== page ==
|About this Recording
8.571214 - SCHUMANN, R.: Manfred: Overture / Piano Concerto / Overture, Scherzo and Finale (Davidovich, Seattle Symphony, Schwarz)
Robert Schumann (1810–1856)
Robert Schumann was one of a number of composers—Chopin, Liszt, Berlioz and Wagner are others—who gave musical voice to the Romantic sensibility that blossomed during the second quarter of the 19th century. Born in 1810 at Zwickau, a town in what is now the eastern part of Germany, Schumann came of age with the first cresting of the Romantic tide, and his music is imbued with the passionate spirit of his time. Highly expressive melodies and harmonies, together with unfailing musical momentum, account for much of the Romantic feeling in this composer’s works. But Schumann also had a keen appreciation for classical compositional principles, and his pieces always are thoughtful and skillfully crafted.
Although he made music his profession, Schumann was a very literate person and often drew inspiration from the writers of his day. Among these was the English poet Lord Byron, whose verses epitomize the Romantic spirit. Schumann was drawn especially to Byron’s verse drama Manfred. Byron wrote Manfred in 1816, shortly after reading Goethe’s Faust, which clearly influenced it. In his poem, Byron relates the story of Count Manfred, scion of a Swiss noble family. Like Faust, he has gained esoteric knowledge and power but also, as a result, vast misery. Byron’s poem touches on several favorite themes of 19thcentury Romanticism: the supernatural, the yearning for transcendent knowledge, and the hero condemned to a solitary existence and great suffering.
In 1848–49, Schumann created a music-theater piece using a German translation of Byron’s text. Shortly after finishing it, he told a friend: “I have never devoted myself to a composition with such love and energy as I have to Manfred”. While Schumann’s complete Manfred is rarely performed, its overture has found a life of its own as concert piece. Indeed, it is one the composer’s strongest orchestral works. The music begins with a slow introductory passage which contains the thematic seeds of the entire composition. From the yearnings of this prologue emerges the wind-swept melody that is the overture’s principal theme. This melody propels the agitated main body of the work. But before closing, Schumann returns to the slow tempo and elusive harmonies of the opening, and the piece concludes on a note of tragic resignation.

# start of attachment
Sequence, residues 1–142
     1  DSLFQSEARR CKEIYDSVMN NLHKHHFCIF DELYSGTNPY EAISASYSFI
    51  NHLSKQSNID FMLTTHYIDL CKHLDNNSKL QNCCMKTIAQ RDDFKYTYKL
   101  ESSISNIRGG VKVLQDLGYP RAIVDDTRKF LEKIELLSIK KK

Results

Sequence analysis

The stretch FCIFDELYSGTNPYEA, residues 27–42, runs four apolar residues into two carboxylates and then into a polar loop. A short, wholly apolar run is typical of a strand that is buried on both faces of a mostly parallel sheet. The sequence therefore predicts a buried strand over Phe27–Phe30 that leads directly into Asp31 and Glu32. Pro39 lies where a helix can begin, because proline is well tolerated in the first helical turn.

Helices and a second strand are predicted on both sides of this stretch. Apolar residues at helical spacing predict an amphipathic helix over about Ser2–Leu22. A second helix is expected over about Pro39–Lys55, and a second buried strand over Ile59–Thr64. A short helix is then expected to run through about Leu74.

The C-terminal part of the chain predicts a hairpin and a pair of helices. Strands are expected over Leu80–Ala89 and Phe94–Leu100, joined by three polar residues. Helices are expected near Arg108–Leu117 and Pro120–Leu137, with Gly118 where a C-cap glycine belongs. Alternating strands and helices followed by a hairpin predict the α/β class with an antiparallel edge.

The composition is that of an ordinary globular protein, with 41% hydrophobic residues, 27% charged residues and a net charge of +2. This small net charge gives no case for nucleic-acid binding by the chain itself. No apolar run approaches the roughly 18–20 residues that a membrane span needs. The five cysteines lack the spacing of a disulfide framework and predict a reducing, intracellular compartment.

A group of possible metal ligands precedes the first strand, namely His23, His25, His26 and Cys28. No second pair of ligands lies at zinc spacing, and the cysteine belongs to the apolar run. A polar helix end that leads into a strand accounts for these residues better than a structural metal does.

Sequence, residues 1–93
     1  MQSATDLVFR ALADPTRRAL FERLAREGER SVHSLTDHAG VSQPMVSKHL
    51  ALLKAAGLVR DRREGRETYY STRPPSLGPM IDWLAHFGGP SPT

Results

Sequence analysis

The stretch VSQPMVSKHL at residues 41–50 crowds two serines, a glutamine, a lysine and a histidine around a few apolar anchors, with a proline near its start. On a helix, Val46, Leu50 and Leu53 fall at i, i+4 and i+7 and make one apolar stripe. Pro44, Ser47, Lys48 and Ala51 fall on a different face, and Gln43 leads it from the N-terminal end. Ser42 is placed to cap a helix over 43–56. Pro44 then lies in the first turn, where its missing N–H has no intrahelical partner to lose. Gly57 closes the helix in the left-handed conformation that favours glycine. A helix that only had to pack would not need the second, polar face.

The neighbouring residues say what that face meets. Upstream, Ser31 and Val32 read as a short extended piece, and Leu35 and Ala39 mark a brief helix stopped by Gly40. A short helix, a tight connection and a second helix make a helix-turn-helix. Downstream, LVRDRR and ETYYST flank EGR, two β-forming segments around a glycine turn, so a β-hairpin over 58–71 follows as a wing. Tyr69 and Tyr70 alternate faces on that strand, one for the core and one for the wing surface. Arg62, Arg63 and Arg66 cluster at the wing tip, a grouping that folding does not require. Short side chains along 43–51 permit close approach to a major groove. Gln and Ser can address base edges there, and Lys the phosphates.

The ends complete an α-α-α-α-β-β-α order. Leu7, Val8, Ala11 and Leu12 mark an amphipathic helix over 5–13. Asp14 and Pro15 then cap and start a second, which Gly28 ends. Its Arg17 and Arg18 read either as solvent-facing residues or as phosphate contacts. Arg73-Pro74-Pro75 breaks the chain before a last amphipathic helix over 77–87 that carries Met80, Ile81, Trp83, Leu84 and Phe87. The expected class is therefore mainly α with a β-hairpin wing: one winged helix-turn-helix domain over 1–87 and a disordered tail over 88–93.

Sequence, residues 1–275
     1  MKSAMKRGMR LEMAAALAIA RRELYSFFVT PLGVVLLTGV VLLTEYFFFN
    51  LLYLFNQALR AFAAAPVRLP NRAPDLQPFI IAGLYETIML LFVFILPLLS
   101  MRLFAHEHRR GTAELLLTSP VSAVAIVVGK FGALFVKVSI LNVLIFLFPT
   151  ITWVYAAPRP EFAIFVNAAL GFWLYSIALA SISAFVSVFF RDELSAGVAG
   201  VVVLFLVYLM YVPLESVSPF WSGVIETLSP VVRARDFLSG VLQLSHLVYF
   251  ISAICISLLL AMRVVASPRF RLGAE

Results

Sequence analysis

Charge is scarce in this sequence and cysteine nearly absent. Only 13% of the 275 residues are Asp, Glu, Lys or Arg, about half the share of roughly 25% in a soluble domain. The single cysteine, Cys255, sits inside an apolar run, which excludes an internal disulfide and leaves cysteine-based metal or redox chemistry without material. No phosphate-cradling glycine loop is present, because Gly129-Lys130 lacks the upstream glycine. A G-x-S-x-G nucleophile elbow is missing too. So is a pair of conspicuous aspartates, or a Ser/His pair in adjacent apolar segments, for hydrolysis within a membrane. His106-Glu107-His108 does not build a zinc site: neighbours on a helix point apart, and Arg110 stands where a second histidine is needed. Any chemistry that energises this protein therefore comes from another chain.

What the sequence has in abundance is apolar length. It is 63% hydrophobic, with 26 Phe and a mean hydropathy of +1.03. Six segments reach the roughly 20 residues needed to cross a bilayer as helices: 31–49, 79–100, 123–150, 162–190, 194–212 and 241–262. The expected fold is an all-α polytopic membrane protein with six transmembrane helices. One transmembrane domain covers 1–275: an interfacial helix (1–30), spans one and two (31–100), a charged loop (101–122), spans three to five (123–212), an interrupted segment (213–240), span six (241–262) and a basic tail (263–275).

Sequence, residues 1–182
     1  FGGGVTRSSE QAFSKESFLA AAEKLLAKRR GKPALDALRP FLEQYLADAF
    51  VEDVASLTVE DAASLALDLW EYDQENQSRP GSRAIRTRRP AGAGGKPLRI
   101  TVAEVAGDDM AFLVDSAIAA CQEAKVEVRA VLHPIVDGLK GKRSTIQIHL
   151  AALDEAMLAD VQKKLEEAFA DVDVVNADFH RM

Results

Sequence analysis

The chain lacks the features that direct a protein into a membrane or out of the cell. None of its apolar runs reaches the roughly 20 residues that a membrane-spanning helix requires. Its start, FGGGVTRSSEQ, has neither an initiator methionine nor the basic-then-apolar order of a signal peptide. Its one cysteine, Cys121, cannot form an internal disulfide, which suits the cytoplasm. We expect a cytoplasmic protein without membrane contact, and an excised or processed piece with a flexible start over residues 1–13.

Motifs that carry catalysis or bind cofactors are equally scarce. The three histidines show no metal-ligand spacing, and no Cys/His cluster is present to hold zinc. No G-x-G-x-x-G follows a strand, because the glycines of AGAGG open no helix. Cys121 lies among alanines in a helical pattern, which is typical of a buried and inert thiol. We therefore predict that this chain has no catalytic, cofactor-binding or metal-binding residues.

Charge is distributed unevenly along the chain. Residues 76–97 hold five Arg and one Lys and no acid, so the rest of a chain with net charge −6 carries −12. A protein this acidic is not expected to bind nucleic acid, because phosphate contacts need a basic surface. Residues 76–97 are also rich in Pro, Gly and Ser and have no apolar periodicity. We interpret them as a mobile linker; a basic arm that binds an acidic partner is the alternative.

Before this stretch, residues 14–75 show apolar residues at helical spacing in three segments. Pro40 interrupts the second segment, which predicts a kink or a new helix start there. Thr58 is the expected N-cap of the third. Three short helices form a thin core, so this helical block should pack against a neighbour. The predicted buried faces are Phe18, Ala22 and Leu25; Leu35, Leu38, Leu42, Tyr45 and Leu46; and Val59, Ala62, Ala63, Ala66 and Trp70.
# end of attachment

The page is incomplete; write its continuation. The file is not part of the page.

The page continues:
Schumann’s marriage was the most important such relationship of any major composer. Clara Schumann, née Clara Wieck, was a highly accomplished musician—one of the great pianists of her time and a more than competent composer. As a wife, she provided support and understanding to her husband. As a pianist, she championed his music, performing it widely during his lifetime and afterwards. Schumann wrote a number of compositions with Clara’s superb playing in mind. Of these, none is more closely associated with her than his Piano Concerto in A Minor, Op 54.
This work underwent a long creative process. Schumann evidently began thinking of writing a piano concerto as early as 1833, but years went by without any of it appearing. In 1839, he told Clara, who was now his fiancée, that he would dedicate the concerto to her, yet two more years passed before he managed to complete its first movement. Even with this accomplished, the work remained stalled, and at one point Schumann tried to publish the movement he had written as an independent piece. (That attempt came to naught.) Not until 1845 did he compose the remaining two movements, thereby finishing the concerto. Clara gave the first performance in December 1845, in Dresden, and subsequently played the work in Leipzig (with Mendelssohn conducting), Vienna, Prague and elsewhere. In light of both her keyboard mastery and her devotion to her husband and his music, we can safely say that Schumann was fortunate in having such a fine interpreter of this work.